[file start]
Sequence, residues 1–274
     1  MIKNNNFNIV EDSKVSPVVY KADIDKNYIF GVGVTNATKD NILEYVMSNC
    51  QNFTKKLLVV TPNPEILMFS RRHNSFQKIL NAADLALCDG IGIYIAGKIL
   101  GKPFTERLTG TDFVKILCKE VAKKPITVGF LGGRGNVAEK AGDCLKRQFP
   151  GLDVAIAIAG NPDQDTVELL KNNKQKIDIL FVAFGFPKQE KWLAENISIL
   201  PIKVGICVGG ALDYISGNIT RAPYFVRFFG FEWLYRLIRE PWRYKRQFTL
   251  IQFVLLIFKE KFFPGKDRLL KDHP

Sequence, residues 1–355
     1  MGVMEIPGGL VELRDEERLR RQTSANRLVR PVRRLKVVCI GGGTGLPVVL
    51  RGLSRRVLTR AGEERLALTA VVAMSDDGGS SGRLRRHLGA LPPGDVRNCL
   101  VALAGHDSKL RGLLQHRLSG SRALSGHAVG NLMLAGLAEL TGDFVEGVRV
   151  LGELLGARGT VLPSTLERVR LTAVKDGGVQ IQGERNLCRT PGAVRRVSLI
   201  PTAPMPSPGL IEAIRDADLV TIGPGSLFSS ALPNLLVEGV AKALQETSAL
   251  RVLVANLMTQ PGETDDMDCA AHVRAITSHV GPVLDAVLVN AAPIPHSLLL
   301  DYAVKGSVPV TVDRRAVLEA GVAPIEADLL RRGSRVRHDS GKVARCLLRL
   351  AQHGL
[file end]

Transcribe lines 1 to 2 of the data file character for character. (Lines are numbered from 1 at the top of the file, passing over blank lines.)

Sequence, residues 1–274
     1  MIKNNNFNIV EDSKVSPVVY KADIDKNYIF GVGVTNATKD NILEYVMSNC